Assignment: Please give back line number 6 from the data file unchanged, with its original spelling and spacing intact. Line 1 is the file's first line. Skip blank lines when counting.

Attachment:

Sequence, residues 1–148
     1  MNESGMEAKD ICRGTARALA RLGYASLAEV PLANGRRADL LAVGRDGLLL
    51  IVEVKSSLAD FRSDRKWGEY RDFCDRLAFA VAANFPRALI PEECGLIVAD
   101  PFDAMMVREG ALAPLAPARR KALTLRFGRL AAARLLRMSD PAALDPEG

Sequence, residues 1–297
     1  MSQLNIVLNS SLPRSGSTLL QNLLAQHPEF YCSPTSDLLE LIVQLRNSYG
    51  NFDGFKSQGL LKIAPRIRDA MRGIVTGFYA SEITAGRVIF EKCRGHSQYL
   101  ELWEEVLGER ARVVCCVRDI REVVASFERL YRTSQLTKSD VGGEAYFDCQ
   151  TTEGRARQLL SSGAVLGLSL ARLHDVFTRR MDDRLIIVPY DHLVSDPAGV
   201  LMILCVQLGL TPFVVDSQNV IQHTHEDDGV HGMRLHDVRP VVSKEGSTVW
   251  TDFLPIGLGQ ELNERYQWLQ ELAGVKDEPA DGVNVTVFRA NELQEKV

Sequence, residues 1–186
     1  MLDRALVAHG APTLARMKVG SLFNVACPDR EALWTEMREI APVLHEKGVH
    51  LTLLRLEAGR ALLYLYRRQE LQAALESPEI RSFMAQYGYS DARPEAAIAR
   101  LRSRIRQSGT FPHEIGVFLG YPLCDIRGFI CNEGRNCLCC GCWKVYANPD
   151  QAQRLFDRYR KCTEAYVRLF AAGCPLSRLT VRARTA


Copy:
     1  MSQLNIVLNS SLPRSGSTLL QNLLAQHPEF YCSPTSDLLE LIVQLRNSYG